strict liability

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strict liability

The liability of a property owner or occupier for injury to others despite the lack of any fault or wrongdoing by the owner or occupier.Typically, when people engage in an inherently dangerous activity on land,such as blasting rock,they are responsible for damage to adjoining property or to persons injured by the blast.This is true even if an independent contractor was responsible for the work and even if everything was done exactly as it should have been done using all possible safeguards and protections and the injury was the result of a freak accident.

References in periodicals archive ?
38] However, Ken Oliphant, former director of the European Centre of Tort and Insurance Law in Vienna, Austria, correctly states that it seems that no-fault liability schemes are back on the reform agenda internationally, even if only a limited number of countries have actually implemented such schemes.
In many of these cases, the determination of responsibility and thus liability has been achieved through the application of traditional principles of civil law such as tort and no-fault liability for potential sources of danger.
The flipside of no-fault liability of workers' compensation carriers for the consequences of work-related injuries and diseases is employer immunity.
Aspects such as the purpose of the Act, the rights of patients, obligations/responsibilities of the medical practitioner (who is the supplier of services and/or goods), no-fault liability and recourse available for the consumer, are discussed.
The BJP had opposed the Rs500 crore cap on compensation terming it too less and also the no-fault liability provision.
It fixes no-fault liability on operators and gives them a right to recourse.
When negotiations between state officials and CSX to buy the Worcester-to-Framingham right-of-way bogged down, he initiated an effort by the full congressional delegation to persuade the freight rail company to rethink its insistence on a no-fault liability clause.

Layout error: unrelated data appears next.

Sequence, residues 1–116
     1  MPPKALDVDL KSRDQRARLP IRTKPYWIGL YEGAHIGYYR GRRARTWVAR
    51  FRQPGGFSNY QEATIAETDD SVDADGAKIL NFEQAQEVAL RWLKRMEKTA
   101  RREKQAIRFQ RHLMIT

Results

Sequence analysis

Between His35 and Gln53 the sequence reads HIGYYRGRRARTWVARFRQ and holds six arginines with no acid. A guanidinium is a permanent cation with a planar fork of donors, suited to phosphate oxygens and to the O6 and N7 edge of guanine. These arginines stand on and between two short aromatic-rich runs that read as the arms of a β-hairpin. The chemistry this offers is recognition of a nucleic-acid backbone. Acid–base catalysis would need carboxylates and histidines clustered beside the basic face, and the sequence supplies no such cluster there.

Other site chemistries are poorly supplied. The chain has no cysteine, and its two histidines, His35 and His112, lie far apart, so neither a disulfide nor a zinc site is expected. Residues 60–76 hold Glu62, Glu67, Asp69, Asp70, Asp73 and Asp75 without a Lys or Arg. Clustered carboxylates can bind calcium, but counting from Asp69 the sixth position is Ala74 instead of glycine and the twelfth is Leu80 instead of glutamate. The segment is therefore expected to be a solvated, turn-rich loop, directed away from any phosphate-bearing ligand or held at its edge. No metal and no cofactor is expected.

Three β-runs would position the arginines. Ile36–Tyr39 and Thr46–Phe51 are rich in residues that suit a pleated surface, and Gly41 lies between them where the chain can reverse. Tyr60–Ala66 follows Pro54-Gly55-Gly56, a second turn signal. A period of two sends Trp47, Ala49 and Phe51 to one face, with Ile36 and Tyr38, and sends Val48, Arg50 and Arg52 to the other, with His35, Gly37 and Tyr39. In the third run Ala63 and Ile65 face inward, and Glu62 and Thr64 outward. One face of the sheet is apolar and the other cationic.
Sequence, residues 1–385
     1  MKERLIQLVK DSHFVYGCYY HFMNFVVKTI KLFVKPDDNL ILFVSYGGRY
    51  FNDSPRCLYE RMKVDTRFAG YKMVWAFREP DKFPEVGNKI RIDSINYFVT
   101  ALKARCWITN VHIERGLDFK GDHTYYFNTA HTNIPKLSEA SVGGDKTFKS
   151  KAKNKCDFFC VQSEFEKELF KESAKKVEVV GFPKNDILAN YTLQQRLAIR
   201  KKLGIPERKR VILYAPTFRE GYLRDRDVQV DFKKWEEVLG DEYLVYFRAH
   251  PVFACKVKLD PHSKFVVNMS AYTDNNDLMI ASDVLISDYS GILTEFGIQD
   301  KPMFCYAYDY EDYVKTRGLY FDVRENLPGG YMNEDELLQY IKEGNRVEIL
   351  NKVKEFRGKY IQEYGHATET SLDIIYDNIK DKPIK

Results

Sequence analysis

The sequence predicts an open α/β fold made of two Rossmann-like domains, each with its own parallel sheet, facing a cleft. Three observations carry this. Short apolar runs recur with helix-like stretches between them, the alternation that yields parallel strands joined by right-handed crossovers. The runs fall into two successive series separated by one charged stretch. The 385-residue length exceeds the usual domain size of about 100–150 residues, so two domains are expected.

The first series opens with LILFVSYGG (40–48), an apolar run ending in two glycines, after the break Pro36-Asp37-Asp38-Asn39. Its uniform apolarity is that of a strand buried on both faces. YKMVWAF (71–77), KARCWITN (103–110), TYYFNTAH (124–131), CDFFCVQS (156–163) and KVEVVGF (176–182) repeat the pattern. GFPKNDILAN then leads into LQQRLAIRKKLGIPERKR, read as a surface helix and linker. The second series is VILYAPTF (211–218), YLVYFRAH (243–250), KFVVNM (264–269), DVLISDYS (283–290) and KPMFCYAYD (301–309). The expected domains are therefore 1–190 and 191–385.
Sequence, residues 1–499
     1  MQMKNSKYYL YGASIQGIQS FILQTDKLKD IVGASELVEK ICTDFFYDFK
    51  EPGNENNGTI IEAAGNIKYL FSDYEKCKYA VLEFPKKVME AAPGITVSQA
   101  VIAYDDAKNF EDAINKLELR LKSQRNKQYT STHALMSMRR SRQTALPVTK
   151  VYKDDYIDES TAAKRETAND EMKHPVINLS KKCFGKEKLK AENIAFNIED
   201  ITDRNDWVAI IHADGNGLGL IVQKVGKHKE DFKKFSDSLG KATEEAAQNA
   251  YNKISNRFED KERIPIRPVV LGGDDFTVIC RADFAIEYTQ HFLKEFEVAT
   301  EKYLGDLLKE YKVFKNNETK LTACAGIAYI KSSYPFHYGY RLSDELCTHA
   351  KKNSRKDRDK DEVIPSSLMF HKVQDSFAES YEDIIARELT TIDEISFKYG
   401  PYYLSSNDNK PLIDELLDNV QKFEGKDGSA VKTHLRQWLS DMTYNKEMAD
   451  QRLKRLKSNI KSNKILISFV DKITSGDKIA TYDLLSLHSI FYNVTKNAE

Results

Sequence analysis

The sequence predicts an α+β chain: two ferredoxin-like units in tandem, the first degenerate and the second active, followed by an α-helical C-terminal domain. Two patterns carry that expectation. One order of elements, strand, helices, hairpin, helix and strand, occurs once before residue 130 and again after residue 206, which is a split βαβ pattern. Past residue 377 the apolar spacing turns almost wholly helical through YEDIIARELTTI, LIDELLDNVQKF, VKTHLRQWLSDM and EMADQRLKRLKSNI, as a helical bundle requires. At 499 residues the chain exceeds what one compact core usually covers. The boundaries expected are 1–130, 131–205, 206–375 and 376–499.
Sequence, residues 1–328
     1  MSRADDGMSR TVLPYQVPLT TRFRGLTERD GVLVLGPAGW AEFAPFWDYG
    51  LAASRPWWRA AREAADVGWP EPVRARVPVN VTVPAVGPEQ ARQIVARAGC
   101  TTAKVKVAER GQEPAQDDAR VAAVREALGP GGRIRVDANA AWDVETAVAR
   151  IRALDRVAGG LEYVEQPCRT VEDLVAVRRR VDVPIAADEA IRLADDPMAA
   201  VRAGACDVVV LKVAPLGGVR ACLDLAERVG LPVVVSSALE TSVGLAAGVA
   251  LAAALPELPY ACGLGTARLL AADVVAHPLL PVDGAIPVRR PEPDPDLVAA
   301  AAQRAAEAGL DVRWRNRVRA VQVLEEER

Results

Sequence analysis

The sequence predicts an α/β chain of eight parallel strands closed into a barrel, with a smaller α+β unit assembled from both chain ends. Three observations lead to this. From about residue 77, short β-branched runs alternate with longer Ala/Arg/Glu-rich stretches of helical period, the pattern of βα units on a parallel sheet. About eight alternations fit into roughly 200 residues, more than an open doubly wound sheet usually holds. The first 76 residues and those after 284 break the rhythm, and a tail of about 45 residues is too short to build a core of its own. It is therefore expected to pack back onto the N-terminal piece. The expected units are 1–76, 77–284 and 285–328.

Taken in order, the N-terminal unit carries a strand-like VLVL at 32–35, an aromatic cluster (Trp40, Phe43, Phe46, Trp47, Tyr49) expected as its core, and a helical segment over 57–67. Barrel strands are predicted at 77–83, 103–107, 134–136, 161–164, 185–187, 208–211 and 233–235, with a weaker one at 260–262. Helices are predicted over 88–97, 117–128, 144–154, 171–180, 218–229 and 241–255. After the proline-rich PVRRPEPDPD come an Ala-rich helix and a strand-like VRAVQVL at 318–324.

For them, the Commission has not shown why the objective of the directive could not be attained by means other than the setting up of a no-fault liability regime for employers and why the disputed clause of the British law limits the employer's liability.
Thus was born the legal notion of no-fault liability.
The Danish government, backing Skov, argued that for cases of no-fault liability, where food poisoning occurred despite good practice throughout the supply chain, a producer could pass on liability to a supplier.
Concerns with Law 364 include onerous procedures and requirements such as: retroactive application of no-fault liability related to a specific product; waiver of the statute of limitations; irrefutable presumption of causality; truncated judicial proceedings; imposition of a $100,000 non-refundable bond per defendant as a condition for firms to put up a defense in court; escrow requirements of approximately $20 million earmarked for payment of awards; and minimum liabilities as liquidated damages (ranging from $25,000 to $100,000.
The demands of justice and safety improvement, which sometimes conflict and must be balanced against each other, argue for compensation schemes based on no-fault liability or mediation.